The Qadiriyya (Arabic: القادرية) are members of the Sunni Qadiri tariqa (Sufi order). The tariqa got its name from Abdul Qadir Gilani (1077–1166, also transliterated Jilani), who was a Hanbali scholar from Gilan, Iran. The order relies strongly upon adherence to the fundamentals of Sunni Islamic law.
With its many offshoots, the order is widespread, particularly in the non-Arabic-speaking world, and can also be found in Turkey, Indonesia, Afghanistan, India, Bangladesh, Pakistan, the Balkans, Russia, Palestine, China, and East and West Africa.
The Founder Of The Qadiriyya:
Abdul Qādir Gīlānī, (Persian: عبدالقادر گیلانی, Arabic: عبدالقادر الجيلاني, Romanized: ʿAbd al-Qādir al-Jīlānī) known by admirers as Muḥyī l-Dīn Abū Muḥammad b. Abū Sāliḥ ʿAbd al-Qādir al-Jīlānī al-Ḥasanī wa’l-Ḥusaynī, was a Sunni Muslim preacher, ascetic, mystic, jurist, and theologian, known for being the eponymous founder of the Qadiriyya tariqa (Sufi order) of Sufism.
He was born on 11 Rabi’ al-Thani 470 AH (March 23, 1078) in the town of Na’if in Gilan, Iran, and died on Monday, February 21, 1166 (11 Rabi’ al-Thani 561 AH), in Baghdad. He was a Persian Hanbali Sunni jurist and Sufi based in Baghdad. The Qadiriyya tariqa is named after him.
Abdul Qadir Gilani was a scholar and preacher. Having been a pupil at the madrasa of Abu Sa’id al-Mubarak, he became the leader of this school after al-Mubarak’s death in 1119. Being the new sheikh, he and his large family lived in the madrasa until he died in 1166, when his son, Abdul Razzaq, succeeded his father as sheikh. Abdul Razzaq published a hagiography of his father, emphasizing his reputation as the founder of a distinct and prestigious Sufi order.
The History Of The Qadiriyya:
The Qadiriyya flourished, surviving the Mongolian conquest of Baghdad in 1258, and remained an influential Sunni institution. After the fall of the Abbasid Caliphate, the legend of Gilani was further spread by a text entitled The Joy of the Secrets in Abdul-Qadir’s Mysterious Deeds (Bahjat al-asrar fi ba’d manaqib ‘Abd al-Qadir) attributed to Nur al-Din ‘Ali al-Shattanufi, who depicted Gilani as the ultimate channel of divine grace and helped the Qadiri order to spread far beyond the region of Baghdad.
By the end of the fifteenth century, the Qadiriyya had distinct branches and had spread to Morocco, Spain, Turkey, India, Ethiopia, Somalia, and present-day Mali. Established Sufi sheikhs often adopted the Qadiriyya tradition without abandoning the leadership of their local communities.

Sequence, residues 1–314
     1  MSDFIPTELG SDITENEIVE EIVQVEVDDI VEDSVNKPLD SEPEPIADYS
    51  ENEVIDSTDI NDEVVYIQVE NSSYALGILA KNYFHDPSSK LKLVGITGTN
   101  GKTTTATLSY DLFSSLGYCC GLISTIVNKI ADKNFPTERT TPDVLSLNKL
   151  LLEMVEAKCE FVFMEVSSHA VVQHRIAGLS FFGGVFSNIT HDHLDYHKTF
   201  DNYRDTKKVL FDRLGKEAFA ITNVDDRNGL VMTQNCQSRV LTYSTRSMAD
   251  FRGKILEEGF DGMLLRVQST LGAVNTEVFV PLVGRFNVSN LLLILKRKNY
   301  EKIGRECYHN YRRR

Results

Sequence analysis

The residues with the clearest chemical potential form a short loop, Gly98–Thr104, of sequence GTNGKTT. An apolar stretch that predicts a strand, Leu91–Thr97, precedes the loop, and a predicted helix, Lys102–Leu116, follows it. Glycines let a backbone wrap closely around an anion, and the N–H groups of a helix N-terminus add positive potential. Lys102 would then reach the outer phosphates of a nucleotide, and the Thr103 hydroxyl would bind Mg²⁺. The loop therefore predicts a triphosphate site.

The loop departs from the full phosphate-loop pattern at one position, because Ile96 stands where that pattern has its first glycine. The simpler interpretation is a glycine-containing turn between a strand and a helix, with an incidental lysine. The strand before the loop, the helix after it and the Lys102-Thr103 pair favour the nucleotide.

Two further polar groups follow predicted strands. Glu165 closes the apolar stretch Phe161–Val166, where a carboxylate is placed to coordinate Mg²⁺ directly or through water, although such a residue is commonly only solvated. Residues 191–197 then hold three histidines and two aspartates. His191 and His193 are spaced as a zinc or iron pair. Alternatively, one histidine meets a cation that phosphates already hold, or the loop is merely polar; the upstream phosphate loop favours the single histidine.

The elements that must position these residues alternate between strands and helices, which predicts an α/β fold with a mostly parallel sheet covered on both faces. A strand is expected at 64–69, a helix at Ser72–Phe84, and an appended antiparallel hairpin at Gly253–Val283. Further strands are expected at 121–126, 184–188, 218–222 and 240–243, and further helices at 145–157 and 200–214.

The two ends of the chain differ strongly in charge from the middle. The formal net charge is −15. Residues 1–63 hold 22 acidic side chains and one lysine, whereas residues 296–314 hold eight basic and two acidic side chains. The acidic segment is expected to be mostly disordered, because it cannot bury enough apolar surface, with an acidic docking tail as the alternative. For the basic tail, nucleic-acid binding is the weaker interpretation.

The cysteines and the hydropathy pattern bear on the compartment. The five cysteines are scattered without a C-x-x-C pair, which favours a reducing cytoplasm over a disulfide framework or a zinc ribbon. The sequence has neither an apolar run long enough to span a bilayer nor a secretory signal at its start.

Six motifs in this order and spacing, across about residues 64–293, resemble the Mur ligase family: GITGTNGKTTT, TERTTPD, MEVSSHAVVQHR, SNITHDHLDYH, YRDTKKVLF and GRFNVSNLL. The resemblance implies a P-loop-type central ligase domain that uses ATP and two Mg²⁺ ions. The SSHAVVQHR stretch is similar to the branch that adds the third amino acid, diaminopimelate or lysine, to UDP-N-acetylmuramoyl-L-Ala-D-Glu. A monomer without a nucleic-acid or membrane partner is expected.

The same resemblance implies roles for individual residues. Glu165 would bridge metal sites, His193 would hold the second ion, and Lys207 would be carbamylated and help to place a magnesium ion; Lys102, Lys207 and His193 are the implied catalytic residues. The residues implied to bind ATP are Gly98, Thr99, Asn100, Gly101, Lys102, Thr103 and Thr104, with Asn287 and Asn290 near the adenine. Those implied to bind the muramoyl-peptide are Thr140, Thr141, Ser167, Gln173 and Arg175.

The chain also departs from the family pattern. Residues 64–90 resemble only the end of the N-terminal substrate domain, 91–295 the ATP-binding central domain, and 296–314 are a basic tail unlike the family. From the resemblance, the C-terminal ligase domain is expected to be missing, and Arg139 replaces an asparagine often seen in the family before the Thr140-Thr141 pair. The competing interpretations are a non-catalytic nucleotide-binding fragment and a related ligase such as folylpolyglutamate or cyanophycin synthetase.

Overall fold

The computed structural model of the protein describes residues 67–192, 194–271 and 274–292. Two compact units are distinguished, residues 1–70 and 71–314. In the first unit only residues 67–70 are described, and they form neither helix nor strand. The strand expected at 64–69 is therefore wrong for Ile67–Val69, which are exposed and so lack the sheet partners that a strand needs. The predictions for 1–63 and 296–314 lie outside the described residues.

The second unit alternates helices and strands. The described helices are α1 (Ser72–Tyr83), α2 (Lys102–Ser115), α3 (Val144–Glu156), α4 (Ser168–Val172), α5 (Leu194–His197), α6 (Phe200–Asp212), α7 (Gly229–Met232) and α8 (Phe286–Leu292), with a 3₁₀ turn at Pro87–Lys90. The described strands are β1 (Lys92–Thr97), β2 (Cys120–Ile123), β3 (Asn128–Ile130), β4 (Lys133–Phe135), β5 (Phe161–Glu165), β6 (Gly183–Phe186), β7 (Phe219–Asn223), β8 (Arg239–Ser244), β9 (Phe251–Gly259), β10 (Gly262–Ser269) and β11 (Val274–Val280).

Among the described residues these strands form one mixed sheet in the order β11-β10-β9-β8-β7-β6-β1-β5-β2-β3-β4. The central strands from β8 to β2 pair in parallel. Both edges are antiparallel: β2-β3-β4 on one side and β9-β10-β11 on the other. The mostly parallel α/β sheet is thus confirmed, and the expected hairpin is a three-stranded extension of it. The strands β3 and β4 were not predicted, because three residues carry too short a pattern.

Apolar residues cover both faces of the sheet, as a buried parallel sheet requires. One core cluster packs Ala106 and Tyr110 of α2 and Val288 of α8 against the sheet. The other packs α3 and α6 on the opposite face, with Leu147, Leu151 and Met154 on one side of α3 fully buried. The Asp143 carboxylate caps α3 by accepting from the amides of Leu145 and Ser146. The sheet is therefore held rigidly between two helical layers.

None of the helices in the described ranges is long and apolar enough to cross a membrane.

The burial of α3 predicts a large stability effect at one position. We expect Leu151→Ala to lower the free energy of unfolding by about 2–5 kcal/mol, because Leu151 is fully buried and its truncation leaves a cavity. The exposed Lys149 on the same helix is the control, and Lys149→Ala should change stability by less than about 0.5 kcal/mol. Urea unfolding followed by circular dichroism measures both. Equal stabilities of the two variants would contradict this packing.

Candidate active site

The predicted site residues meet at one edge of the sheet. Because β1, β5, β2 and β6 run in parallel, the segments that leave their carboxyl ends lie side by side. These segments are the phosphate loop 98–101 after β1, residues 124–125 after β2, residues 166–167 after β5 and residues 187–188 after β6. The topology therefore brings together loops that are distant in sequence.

During the Safavid dynasty’s rule of Baghdad from 1508 to 1534, the sheikh of the Qadiriyya has appointed the chief Sufi of Baghdad and the surrounding lands. Shortly after the Ottoman Empire conquered Baghdad in 1534, Suleiman the Magnificent commissioned a dome to be built on the mausoleum of Abdul-Qadir Gilani, establishing the Qadiriyya as his main allies in Iraq.
Khawaja Abdul-Allah, a sheikh of the Qadiriyya and a descendant of the Islamic prophet Muhammad, is reported to have entered China in 1674 and traveled the country preaching until his death in 1689. One of Abdullah’s students, Qi Jingyi Hilal al-Din, is said to have permanently rooted Qadiri Sufism in China.
He was buried in Linxia City, which became the center of the Qadiriyya in China. By the seventeenth century, the Qadiriyya had reached Ottoman-occupied areas of Europe.
Sultan Bahu contributed to the spread of Qadiriyya in western India. His method of spreading the teachings of the Sufi doctrine of Faqr was through his Punjabi couplets and other writings, which numbered more than 140. He granted the method of dhikr and stressed that the way to reach divinity was not through asceticism or excessive or lengthy prayers but selfless love carved out of annihilation in God, which he called fana.
Sheikh Sidi Ahmad al-Bakka’i (Arabic: الشيخ سيدي أحمد البكاي بودمعة of the Kunta family, born in the region of the Noun river, d. 1504 in Akka) established a Qadiri zawiya (Sufi residence) in Walata. In the sixteenth century, the family spread across the Sahara to Timbuktu, Agades, Bornu, Hausaland, and other places, and in the eighteenth century, large numbers of Kunta moved to the region of the middle Niger where they established the village of Mabruk. Sidi Al-Mukhtar al-Kunti (1728–1811) united the Kunta factions by successful negotiation and established an extensive confederation. Under his influence, the Maliki school of Islamic law was reinvigorated and the Qadiriyyah order spread throughout Mauritania, the middle Niger region, Guinea, the Ivory Coast, Futa Toro, and Futa Jallon. Kunta colonies in the Senegambian region became centers of Muslim teaching.
Sheikh Usman dan Fodio (1754-1817) from Gobir popularized the Qadiri teachings in Nigeria. He was well-educated in classical Islamic science, philosophy, and theology. He also became a revered religious thinker. In 1789 a vision led him to believe he had the power to work miracles and to teach his own mystical wird, or litany.
His litanies are still widely practiced and distributed in the Islamic world. Dan Fodio later had visions of Abdul Qadir Gilani, the founder of the Qadiri tariqah, an ascension to heaven, where he was initiated into the Qadiriyya and the spiritual lineage of Muhammad. His theological writings dealt with concepts of the Mujaddid “renewer” and the role of the Ulama in teaching history, and other works in Arabic and the Fula language.